Lily married an Army officer shortly before he deployed and moved with him to West Point upon his return. Her transition from staunchly independent punk-rock roots and her time as a stripper to being in an interdependent relationship with a strong soldier in a cloistered environment dredged up buried memories of childhood trauma. It took intensive therapy to strengthen her psychological health and save her marriage.
Alison married a Navy officer after living and working in a liberal DC-area enclave, then moved with him to Japan and then Washington state. They had two children and she spent many months on solo parenting duty while her husband spent time training up for and then serving on deployments. It took support from family, friends and local communities for their family to thrive during the long separations.
Neither of these women came from military families, and both were shocked at the ways in which fellow military spouses pulled together in times of crisis to support families in need. Both initially feared they would have to give up core components of themselves if they wanted to “fit in” to the new world they had joined, and were pleasantly surprised by the diversity of personalities and backgrounds they encountered. And though they initially balked at the traditional gender roles they were expected to play as the wives of officers, both came to feel proud of the ways in which they could serve other military families.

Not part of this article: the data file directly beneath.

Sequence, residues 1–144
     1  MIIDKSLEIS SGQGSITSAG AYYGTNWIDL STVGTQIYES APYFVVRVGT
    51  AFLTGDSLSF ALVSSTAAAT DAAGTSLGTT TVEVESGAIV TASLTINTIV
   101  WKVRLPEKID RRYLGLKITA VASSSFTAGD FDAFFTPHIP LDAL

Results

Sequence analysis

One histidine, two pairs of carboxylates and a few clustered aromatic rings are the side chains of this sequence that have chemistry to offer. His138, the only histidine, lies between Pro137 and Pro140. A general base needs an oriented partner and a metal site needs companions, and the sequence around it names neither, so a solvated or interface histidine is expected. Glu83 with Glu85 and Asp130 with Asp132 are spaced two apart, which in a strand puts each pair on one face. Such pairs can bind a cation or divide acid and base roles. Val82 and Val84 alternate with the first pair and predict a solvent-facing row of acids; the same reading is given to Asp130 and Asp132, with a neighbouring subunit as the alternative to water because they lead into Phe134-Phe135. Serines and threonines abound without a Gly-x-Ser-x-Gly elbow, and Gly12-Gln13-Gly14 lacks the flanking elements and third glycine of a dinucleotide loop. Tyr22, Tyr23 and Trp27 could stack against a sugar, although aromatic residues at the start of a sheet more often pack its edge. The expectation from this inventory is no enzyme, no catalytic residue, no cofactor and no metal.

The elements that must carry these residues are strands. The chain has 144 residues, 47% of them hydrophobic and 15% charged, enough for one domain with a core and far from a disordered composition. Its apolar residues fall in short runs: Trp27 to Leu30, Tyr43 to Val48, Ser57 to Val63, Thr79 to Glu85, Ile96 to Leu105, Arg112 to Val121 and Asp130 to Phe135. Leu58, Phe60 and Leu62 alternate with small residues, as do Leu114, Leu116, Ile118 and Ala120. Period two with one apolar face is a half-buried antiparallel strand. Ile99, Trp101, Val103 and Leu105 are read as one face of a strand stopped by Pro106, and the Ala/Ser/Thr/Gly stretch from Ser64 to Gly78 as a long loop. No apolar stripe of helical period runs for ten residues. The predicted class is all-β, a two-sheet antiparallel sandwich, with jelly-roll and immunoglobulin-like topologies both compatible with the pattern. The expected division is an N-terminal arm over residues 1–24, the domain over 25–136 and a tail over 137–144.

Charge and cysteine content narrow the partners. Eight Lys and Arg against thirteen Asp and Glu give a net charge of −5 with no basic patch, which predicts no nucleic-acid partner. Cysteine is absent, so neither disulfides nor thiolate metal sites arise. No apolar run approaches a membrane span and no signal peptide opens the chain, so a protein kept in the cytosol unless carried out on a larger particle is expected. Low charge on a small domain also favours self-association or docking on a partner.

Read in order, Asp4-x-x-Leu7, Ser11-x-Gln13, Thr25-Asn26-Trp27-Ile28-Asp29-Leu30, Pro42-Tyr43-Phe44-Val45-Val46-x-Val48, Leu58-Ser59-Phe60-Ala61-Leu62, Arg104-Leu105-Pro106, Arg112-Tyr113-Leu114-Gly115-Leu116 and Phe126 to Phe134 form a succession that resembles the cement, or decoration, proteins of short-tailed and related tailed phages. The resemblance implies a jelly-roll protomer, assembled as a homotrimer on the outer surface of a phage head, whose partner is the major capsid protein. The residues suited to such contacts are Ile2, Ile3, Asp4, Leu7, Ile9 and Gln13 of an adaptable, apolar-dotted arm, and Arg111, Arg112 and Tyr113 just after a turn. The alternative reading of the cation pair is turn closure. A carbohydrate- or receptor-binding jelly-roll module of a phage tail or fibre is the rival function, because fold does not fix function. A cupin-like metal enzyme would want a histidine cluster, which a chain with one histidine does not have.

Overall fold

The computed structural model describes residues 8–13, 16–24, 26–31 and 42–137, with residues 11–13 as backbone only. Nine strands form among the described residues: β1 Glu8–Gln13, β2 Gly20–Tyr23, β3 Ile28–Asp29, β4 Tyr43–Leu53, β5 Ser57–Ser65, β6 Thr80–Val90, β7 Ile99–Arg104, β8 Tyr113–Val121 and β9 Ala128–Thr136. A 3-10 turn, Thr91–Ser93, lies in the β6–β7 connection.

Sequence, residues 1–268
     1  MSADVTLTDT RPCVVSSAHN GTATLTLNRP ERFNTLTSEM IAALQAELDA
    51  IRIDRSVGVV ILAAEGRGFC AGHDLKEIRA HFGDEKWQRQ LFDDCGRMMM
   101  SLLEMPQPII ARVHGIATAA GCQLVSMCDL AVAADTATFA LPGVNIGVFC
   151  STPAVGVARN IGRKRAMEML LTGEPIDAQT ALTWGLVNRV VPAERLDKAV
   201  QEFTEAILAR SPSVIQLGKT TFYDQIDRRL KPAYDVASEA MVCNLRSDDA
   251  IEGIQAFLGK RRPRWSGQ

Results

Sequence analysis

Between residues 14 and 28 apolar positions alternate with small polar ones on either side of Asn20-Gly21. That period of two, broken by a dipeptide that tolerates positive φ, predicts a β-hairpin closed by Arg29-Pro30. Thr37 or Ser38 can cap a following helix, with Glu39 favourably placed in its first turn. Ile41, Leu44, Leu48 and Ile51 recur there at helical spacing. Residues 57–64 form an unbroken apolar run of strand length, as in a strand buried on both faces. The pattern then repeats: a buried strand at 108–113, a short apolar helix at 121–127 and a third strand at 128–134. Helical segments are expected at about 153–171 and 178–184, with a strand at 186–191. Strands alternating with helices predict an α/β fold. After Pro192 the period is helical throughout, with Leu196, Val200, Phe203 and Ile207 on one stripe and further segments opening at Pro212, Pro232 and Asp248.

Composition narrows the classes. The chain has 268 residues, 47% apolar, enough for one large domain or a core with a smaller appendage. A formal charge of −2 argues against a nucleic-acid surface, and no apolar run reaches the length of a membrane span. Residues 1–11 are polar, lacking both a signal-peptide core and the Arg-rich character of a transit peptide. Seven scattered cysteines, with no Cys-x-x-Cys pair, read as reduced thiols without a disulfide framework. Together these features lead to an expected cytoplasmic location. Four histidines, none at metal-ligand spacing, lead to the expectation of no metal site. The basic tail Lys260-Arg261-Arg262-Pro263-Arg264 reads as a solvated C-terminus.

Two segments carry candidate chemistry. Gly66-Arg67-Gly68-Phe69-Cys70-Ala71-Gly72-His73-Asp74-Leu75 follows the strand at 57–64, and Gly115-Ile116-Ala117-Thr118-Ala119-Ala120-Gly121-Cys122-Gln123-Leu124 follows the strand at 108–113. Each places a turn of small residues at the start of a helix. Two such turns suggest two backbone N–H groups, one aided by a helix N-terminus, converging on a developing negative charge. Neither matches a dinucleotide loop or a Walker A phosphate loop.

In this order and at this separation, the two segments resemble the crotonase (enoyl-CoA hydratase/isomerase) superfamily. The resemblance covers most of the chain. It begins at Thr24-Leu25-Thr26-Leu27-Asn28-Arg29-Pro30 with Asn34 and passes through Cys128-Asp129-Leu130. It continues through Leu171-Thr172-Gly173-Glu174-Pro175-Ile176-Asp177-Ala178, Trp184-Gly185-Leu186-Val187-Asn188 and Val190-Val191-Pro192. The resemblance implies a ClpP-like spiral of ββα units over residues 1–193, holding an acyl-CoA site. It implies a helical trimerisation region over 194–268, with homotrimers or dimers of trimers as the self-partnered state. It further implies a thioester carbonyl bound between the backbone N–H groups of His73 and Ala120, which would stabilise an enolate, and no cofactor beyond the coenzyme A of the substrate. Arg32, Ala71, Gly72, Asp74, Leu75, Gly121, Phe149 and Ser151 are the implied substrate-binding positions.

When I was active duty, I rarely encountered military families outside mandatory FRG meetings and had never gotten close to any of them. And in my mixed-gender Military Intelligence unit, there were lots of dual-military marriages (among married military women, around half are married to fellow servicemembers). Women veteran friends of mine have groused that their comrades — their brothers-in-arms, upon whom they depended for survival in combat — couldn't hang out with them stateside post-deployment because their teammates' wives feared emotional entanglement. I heard hints that Navy wives were opposed to opening submarines to women sailors, fearing affairs. So perhaps the most surprising thing to me about both of these books was how warmly the authors spoke about military women. Both Lily and Alison expressed respect and affection for the female servicemembers they met and saw, which reassured me that there need not be antipathy between these groups.
A fantastic recent piece by Phil Klay urges civilians to stop saying they can't imagine what veterans have been through, and to instead make the effort to do so. I love that message. We're willing to watch movies like Twelve Years a Slave to try to imagine that experience, willing to read books about being young wizards and let our imaginations take us into that world — why can we not do the same for troops and veterans? Reading these two books was a way for me to stop saying, “I can't imagine how hard it would be to deal with your spouse's deployment” by immersing myself in that experience. Lily and Alison are both tremendous writers, able to open a window for the rest of us into what it feels like to be in a military family today. I urge civilians and troops interested in learning more — along with military spouses feeling lost or alone — to pick up these volumes.
I wish I could find the Army wives whose bumper stickers I frowned at back when I was active duty and apologize for how little I understood their services and sacrifices. Since that is impossible, I now open my talks with a simple message: “To all the troops and veterans in the audience, I'd like to say 'Welcome Home.' And to all the military family members, 'Thank you for your service.'”
Kayla Williams is the author of Love My Rifle More Than You: Young and Female in the U.S. Army. She was formerly a sergeant in a military intelligence company of the 101st Airborne Division (Air Assault).
This commentary appeared on huffingtonpost.com on February 26, 2014.
Commentary gives RAND researchers a platform to convey insights based on their professional expertise and often on their peer-reviewed research and analysis.